• The likelihood of the hazard or risk eventuating. The greater the likelihood of a hazard or risk eventuating, the greater the significance this factor will have in the task of determining what was reasonably practicable.

• The degree of harm possible. Again, the greater the degree of harm possible if the hazard or risk eventuated, the greater the significance this factor will have.

• The person's state of knowledge as to the hazards and risks which exist or the controls available. This enquiry is not restricted to actual knowledge held by the PCBU, but what it ought to have known at the time.

What the PCBU should have known about a particular hazard, risk or control

How do you determine what the PCBU ought to have known or what a reasonable person in the PCBU's position would have known about a particular hazard, risk or control?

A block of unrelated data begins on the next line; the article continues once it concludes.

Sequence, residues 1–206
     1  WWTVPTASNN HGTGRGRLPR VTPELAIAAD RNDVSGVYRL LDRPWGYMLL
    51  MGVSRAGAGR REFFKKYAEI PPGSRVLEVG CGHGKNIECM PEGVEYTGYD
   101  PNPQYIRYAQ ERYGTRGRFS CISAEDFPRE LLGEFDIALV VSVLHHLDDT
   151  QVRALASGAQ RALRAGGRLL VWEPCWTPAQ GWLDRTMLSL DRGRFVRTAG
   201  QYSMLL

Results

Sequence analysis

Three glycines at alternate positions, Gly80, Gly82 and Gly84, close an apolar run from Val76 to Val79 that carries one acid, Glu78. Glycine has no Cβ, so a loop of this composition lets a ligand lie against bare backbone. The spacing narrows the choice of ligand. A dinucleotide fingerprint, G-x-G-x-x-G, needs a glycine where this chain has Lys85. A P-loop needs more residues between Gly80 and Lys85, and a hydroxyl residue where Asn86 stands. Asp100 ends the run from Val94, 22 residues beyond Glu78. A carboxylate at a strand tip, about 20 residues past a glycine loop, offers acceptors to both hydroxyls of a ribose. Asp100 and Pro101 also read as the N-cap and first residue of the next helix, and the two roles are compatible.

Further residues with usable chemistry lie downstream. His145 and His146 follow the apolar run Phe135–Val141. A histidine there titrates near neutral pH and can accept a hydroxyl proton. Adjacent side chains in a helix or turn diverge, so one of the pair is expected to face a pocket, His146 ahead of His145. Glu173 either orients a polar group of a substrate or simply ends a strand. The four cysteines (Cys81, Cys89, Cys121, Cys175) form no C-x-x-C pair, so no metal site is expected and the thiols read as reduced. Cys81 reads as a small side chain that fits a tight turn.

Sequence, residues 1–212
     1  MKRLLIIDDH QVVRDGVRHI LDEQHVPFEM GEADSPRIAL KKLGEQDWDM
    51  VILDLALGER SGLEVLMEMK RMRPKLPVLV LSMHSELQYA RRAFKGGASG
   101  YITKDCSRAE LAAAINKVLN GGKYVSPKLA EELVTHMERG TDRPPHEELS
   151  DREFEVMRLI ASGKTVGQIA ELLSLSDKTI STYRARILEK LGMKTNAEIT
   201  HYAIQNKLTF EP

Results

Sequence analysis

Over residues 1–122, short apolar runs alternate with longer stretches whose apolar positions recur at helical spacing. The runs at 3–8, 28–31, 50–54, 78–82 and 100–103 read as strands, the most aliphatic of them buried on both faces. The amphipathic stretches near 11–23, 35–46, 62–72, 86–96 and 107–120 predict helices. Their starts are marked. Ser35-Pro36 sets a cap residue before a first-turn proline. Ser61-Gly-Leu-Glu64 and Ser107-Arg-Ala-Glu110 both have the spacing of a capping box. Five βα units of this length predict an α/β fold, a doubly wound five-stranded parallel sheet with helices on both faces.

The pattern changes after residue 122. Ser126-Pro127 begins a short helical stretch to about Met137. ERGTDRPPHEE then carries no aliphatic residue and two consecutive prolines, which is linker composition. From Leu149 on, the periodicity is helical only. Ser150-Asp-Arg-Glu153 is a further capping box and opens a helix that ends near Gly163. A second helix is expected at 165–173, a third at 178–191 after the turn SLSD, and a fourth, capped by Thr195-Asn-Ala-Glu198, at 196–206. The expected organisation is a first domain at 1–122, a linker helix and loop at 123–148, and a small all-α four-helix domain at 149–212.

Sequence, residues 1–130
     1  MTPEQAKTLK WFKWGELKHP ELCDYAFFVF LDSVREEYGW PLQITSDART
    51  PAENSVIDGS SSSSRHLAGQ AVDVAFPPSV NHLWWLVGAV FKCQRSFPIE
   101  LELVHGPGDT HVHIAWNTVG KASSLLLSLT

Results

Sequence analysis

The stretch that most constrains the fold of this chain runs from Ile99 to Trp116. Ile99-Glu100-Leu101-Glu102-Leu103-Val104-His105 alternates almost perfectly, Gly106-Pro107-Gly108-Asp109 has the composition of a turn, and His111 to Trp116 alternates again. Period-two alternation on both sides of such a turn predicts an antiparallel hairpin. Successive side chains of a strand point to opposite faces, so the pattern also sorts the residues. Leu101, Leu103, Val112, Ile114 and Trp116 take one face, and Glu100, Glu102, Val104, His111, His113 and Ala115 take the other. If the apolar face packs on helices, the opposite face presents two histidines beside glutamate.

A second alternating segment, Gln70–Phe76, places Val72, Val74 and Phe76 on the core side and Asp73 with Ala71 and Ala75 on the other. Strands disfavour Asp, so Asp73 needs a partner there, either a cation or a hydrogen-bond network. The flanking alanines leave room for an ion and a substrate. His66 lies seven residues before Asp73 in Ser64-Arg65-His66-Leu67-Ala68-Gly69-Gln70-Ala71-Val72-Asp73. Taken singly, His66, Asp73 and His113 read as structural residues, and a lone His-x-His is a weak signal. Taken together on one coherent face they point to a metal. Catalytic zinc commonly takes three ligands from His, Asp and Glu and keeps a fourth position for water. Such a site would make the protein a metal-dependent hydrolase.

The first step would be to enquire as to whether a reasonable person would have found a particular hazard or risk within the available state of knowledge applying a hazard identification process. Would that reasonable person have then understood the nature and degree of harm a hazard or risk may cause through the process of risk assessment within the available state of knowledge?

What controls would a reasonable person have put in place to eliminate or minimise the risk or hazard within the available state of knowledge, having regard to the following sources of information:

• The WHS Regulations

• Other laws specific to particular hazards and risks

• Codes of Practice

• Publications issued by Australian OHS regulators

If no information is available from these sources, then look at:

• Technical standards such as those published by Standards Australia

• Industry practice and publications